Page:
You can listen here.

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Today we're going to go back in time to June 27, 1519 to a place called Pleysenburg Castle in Leipzig, Germany. Now, this is the air of the Holy Roman Empire. And the Emperor Maximilian I had died a few months prior, and there was to be a new emperor elected the following day. And there in Plysonburg Castle, all the workers were there. They were getting ready.  
They were hanging tapestries and the great hall and putting up chairs and so forth, getting ready for this really big event. And you would think that that event would have something to do with the election of the new emperor. That would be the talk of the town. Oh, my God, who's going to be the new emperor? That's going to be the new emperor chosen?  
Who's going to be nobody cared, at least not in Leipzig. Perhaps everywhere else across the whole room and empire. They were thinking about that, but not in Leipzig because something far bigger was happening in Leipzig the next day. It was, curiously enough, a debate, which sounds kind of boring. Who cares about a debate?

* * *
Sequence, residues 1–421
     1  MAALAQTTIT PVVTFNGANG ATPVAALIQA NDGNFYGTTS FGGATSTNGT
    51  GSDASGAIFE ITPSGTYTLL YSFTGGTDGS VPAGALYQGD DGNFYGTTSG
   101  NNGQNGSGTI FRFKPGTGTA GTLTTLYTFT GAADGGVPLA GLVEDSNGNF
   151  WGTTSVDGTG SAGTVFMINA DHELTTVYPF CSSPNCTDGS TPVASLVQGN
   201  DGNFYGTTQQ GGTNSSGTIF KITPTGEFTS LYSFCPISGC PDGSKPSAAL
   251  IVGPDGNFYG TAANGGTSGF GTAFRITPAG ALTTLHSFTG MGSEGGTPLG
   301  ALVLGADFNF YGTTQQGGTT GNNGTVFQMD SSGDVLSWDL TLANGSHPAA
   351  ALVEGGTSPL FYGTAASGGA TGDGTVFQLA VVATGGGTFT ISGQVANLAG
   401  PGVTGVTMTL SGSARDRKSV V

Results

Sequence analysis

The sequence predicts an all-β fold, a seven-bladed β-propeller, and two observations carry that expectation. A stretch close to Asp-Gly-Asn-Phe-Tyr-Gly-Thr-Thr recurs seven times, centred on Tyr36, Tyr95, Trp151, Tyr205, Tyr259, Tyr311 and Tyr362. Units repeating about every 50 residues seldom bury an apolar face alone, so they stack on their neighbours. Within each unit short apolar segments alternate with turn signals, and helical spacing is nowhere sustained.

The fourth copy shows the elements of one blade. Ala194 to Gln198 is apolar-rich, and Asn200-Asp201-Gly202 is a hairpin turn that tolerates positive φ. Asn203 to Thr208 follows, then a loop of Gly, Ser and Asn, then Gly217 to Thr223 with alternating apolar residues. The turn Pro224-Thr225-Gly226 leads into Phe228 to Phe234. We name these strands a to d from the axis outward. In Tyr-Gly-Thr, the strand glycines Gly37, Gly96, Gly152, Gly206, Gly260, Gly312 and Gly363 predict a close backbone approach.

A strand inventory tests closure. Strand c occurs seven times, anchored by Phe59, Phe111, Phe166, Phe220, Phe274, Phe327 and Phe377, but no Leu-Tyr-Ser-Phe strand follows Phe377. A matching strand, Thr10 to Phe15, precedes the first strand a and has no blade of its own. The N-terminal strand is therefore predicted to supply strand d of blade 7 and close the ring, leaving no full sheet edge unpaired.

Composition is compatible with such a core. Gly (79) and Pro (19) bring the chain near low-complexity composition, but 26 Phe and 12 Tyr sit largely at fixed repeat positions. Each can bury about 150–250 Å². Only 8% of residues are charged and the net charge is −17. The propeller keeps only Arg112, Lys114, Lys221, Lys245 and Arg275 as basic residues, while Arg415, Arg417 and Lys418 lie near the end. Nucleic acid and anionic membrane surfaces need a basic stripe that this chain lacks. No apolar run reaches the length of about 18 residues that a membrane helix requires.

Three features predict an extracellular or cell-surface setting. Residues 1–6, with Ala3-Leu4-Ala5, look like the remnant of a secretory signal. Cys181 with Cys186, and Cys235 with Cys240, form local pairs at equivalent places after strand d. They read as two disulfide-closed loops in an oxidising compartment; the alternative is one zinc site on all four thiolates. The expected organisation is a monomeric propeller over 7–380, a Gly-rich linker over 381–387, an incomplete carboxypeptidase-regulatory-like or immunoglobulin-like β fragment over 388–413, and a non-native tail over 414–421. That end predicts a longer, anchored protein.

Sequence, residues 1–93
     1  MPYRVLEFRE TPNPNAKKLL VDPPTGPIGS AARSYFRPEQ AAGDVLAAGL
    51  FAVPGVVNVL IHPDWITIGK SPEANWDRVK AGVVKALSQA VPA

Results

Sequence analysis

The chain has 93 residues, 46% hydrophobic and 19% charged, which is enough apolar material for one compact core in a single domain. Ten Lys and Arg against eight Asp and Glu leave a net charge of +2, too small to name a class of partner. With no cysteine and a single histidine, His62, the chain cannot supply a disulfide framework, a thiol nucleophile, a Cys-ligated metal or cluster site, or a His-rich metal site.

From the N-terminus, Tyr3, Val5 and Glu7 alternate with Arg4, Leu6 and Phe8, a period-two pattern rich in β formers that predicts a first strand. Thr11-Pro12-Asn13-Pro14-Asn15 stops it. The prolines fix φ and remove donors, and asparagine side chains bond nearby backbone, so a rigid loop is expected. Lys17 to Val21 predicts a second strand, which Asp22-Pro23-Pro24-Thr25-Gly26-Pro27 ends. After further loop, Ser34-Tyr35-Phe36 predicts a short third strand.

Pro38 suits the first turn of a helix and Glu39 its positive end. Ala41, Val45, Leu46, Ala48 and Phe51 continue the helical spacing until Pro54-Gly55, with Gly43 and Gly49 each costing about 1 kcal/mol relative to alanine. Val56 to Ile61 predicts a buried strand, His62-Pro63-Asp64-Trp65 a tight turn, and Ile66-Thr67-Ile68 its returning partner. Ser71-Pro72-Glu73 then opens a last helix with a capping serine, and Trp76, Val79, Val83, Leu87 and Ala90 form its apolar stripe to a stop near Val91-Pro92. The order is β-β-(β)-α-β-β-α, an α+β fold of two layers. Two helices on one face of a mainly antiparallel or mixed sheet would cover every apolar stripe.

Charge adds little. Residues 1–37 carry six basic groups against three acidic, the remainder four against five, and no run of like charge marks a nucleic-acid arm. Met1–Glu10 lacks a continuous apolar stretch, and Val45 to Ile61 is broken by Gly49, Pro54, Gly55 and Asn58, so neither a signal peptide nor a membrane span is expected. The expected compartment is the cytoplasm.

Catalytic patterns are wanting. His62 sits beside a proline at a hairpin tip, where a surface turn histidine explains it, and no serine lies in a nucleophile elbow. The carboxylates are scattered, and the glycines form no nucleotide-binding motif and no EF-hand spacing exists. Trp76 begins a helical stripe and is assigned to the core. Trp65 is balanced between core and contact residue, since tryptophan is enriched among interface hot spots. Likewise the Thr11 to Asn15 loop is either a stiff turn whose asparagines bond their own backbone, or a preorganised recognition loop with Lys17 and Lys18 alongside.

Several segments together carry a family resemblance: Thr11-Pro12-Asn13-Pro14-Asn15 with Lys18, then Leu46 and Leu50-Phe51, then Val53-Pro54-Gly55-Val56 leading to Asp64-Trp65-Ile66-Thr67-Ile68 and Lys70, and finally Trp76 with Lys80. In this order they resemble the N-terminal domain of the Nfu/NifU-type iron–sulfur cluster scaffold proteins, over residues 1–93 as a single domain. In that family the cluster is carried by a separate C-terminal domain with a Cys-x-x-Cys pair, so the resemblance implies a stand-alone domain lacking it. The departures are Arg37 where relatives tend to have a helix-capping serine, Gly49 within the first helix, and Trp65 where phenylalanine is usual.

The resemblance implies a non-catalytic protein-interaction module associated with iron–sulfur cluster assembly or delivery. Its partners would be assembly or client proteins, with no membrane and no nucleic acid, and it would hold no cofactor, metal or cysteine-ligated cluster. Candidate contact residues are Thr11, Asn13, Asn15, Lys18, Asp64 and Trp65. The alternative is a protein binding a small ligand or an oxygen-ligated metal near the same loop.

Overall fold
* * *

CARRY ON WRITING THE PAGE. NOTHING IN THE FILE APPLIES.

But for these guys, it was like the Super Bowl. It was a huge event because it was a battle between the world's most powerful institution and somebody who we would probably consider today essentially a celebrity influence, an up and coming celebrity influence. And somebody had recently shot to stardom. And they were going to debate together in the great hall of Pleysenberg Castle. And it was such a big deal.  
Nobody cared about the election of the emperor and who was going to be chosen emperor because it was all about this debate. They were talking about things that up until that moment were basically taboo. You just didn't talk about these things. There was a fierce exchange over the nature of free will. You didn't talk about free will back then.  
That was a taboo subject. You didn't talk about these things. And it was things that just had never been discussed in public before. And it was a big deal. It became known as the Leipzig debate.  
And again, on one side, you have the most powerful institution in the world, the Catholic Church, which at that point basically controlled virtually everything. Controlled politics and even warfare and finances across Europe, controlled moral thinking, intellectual development, all these things. What you could and could not say, what you could and could not do. And the Catholic Church was represented by this scholar, this religious scholar named Johan Ek. On the other side, again, this new celebrity influencer who had shot to stardom.